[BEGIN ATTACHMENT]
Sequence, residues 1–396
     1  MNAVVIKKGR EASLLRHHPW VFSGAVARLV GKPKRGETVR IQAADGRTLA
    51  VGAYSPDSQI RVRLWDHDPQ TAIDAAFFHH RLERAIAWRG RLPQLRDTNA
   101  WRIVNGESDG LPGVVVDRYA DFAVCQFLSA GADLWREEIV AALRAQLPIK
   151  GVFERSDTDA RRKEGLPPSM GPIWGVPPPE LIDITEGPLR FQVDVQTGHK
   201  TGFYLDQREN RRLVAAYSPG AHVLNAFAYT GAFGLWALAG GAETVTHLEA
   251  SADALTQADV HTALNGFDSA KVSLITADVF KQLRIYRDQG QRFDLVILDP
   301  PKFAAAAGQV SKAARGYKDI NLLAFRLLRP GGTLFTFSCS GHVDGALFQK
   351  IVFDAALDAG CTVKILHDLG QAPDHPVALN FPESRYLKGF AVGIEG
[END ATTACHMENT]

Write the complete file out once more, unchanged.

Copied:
Sequence, residues 1–396
     1  MNAVVIKKGR EASLLRHHPW VFSGAVARLV GKPKRGETVR IQAADGRTLA
    51  VGAYSPDSQI RVRLWDHDPQ TAIDAAFFHH RLERAIAWRG RLPQLRDTNA
   101  WRIVNGESDG LPGVVVDRYA DFAVCQFLSA GADLWREEIV AALRAQLPIK
   151  GVFERSDTDA RRKEGLPPSM GPIWGVPPPE LIDITEGPLR FQVDVQTGHK
   201  TGFYLDQREN RRLVAAYSPG AHVLNAFAYT GAFGLWALAG GAETVTHLEA
   251  SADALTQADV HTALNGFDSA KVSLITADVF KQLRIYRDQG QRFDLVILDP
   301  PKFAAAAGQV SKAARGYKDI NLLAFRLLRP GGTLFTFSCS GHVDGALFQK
   351  IVFDAALDAG CTVKILHDLG QAPDHPVALN FPESRYLKGF AVGIEG